18 December 2009

Happy Solstice!

I watch Seamus, the shamrock I bought on St Patrick's Day, follow the sun across my kitchen table. He's folded up now, but during daylight hours his leaves open and tilt toward the natural light streaming in the window. And if I turn the pot 180 degrees, within an hour the leaves will have moved to stretch toward the light again. It's remarkable and beautiful to watch this houseplant, root-bound but hardly immobile, react to environmental stimulus.

I've named him and I talk about his actions, but it's neither conscious or desirous, of course. I don't understand what's all involved to make this happen - for a plant in a still room to "reach" toward sunlight - but if Seamus "knows" when it's sunny and responds on a biological level, well, why shouldn't we? Why shouldn't the shortening days and lengthening nights have some effect on us, too?

Nearly every culture of which we're aware thought there was an effect, and had some celebration around this time of year. Ancient people everywhere, including my ancestors in the high latitudes in Europe, studied the heavens and noticed that after the harvest, year after year, the days would get shorter, and shorter, and shorter, until they didn't anymore - and then, slowly, the days would get longer again, and light would return. This was often taken to be a sign that spring would eventually return as well, that the cycle of the universe had not been interrupted.

And most cultures had festivals of this time, and most of the festivals had lights - that's what we humans were celebrating, after all, the growing light bringing us growing hope of warmer weather, of future harvests, of the old year being over and the new one starting.

The solstice (sol stitium, or standing still of the sun) was originally on December 24 in the Julian calendar (the Solstice got moved to the 21/22 of December when things got moved around with the adoption of the Gregorian Calendar). December 24...  remind you of anything?

The odds of Jesus being born on one of the most significant of the Pagan holidays is, well, 1/365; many accounts put his birth sometime in the spring. The earliest record of Jesus' birthday being 25-December comes in 171 CE (which seems odd - why wait so long to record the date of birth when so much else was recorded about the guy?).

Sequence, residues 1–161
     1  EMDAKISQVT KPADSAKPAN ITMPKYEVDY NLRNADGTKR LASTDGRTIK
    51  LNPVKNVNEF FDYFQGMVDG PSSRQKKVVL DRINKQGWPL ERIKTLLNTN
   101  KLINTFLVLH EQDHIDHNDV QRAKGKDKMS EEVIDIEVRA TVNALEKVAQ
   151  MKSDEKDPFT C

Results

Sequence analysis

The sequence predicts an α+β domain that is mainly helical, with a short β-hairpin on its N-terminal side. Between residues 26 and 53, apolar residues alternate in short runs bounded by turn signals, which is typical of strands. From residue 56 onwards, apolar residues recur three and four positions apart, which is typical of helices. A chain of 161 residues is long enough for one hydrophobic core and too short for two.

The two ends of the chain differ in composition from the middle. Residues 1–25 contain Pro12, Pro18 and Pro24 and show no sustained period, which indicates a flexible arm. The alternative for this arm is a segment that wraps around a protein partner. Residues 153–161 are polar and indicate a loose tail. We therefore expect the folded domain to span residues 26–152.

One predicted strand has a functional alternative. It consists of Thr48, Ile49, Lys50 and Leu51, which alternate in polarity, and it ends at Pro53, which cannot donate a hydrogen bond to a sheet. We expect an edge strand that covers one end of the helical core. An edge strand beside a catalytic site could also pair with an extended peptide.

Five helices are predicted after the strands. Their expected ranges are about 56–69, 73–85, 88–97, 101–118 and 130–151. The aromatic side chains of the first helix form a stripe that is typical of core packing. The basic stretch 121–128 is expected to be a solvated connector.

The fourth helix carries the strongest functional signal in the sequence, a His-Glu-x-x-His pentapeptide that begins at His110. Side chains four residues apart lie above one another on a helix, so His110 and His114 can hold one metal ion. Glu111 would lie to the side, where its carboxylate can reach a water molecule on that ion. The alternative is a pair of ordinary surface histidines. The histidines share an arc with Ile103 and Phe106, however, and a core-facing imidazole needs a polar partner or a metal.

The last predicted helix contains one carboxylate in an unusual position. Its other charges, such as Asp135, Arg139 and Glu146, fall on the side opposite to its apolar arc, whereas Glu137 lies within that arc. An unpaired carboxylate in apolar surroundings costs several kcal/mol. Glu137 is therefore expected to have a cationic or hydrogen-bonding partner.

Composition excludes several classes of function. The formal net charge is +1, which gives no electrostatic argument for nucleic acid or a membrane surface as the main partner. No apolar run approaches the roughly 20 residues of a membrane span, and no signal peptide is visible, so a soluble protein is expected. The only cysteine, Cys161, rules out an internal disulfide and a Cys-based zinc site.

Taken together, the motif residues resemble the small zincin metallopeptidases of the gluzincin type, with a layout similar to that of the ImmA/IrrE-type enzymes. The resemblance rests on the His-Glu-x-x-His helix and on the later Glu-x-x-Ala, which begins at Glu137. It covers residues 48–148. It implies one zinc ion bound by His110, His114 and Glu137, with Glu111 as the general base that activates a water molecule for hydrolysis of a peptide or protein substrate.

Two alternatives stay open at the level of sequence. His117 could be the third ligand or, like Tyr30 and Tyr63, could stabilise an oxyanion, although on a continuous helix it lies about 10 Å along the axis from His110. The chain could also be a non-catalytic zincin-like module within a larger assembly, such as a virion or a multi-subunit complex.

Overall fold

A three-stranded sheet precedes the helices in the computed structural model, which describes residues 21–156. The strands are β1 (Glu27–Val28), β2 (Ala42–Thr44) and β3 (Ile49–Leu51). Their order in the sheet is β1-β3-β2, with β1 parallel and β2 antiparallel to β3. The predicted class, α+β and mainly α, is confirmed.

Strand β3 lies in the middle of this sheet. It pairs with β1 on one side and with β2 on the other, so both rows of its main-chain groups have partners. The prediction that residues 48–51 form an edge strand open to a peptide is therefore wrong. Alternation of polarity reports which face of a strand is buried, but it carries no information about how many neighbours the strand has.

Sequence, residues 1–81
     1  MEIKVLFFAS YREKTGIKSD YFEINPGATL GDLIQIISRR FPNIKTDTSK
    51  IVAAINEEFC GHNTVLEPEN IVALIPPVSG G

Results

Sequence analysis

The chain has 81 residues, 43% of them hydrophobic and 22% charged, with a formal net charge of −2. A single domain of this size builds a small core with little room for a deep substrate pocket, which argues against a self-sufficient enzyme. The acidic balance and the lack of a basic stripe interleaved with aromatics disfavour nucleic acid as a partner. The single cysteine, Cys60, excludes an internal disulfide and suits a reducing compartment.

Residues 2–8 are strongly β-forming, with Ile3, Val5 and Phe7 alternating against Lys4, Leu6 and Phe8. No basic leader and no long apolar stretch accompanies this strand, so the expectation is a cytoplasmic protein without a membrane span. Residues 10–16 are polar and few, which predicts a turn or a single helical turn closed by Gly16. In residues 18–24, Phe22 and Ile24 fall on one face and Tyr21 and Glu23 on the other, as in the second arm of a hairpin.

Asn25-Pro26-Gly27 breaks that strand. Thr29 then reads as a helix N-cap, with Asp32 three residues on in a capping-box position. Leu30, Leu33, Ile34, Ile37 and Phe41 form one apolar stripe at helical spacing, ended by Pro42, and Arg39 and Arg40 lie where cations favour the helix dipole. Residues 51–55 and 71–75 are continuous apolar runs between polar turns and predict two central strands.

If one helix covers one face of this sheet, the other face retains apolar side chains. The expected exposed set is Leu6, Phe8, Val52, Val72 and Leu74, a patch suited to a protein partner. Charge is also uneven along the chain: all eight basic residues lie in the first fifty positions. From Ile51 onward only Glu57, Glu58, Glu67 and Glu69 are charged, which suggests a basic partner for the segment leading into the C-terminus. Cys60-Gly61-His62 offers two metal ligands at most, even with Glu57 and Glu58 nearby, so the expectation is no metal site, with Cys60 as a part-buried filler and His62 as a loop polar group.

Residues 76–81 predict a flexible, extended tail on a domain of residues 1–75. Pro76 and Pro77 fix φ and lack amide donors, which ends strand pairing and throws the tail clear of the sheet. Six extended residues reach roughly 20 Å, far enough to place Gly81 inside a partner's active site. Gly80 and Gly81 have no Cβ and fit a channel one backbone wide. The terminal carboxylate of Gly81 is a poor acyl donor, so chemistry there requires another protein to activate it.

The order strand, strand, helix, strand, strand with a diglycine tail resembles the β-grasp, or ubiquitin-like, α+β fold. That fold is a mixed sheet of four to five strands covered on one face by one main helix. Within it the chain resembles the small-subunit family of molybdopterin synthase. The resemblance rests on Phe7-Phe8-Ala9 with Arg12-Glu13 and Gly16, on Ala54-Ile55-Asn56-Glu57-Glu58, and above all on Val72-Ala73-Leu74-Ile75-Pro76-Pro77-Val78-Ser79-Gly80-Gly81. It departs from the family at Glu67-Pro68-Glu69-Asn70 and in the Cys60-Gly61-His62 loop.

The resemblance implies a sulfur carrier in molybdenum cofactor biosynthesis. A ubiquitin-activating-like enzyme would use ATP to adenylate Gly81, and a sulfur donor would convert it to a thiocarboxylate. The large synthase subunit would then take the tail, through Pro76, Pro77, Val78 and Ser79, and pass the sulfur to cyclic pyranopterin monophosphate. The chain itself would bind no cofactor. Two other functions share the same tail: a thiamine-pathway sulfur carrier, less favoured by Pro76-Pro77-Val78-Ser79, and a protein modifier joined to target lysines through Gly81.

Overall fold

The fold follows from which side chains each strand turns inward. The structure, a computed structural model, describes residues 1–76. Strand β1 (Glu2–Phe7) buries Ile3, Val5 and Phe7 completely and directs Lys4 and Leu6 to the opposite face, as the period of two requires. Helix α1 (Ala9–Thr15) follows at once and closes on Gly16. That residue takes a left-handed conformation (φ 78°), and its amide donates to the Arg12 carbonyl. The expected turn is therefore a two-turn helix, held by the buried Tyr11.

Doesn't matter. the solstice is a beautiful holiday and if some johnny-come-lately messianic cult wants to horn in on the action, well, why not? The more the merrier.

Even if some of those newcomers insist on trying to crowd out everyone else with the inaccurate statement that "Jesus is the reason for the season." No, he's not. The solstice is the reason for the season. I suspect many Christians think about it as the "Let's-celebrate-the-life-of-the-guy-who-lived-a-few-thousand-years-ago-and-said-some-nice-things-about-trying-to-be-decent-to-each-other" time. Okay, great - but then don't pretend you're the only ones who can celebrate this time of year, or that you invented it, or that this time of year is really when dude was born. You're not, you didn't, and it wasn't.

Humans, like many other organisms, notice the path the sun seems to carve through our sky, and we record how many hours and minutes it appears to be gone from where we sit as our tiny blue orb tilts and wobbles through the vacuum of space. So why shouldn't we rejoice when the nights finally stop getting longer, when the days finally stop getting shorter, when we have empirical evidence to support the hope that, no matter how crappy everything else might be going, some sense and rhythm has been maintained in the natural order?

So, fellow bipeds, chins up! Build a fire, light the candles, turn on the lights on the tree and around the windows - we know that days are getting longer very soon, and that light will return, and that with it, eventually, warmth.

And just because we know why this happens doesn't mean that it's any less remarkable, or that the season can't have wonder and mystery and renewal and peace.

And so may the growing light bring us growing hope for brighter days, in all senses of the word. And may we all find reason to celebrate this Solstice, Hanukkah, Christmas, Yule, Kwanzaa, and New Year - and light and warmth and new growth.

Happy Holidays, everyone!


Celeste said...

Awww, Seamus! He looks good. Well said about the solstice. Happy Solstice everyone!

Patty said...

God I love you. Wait, there's a better way to say that.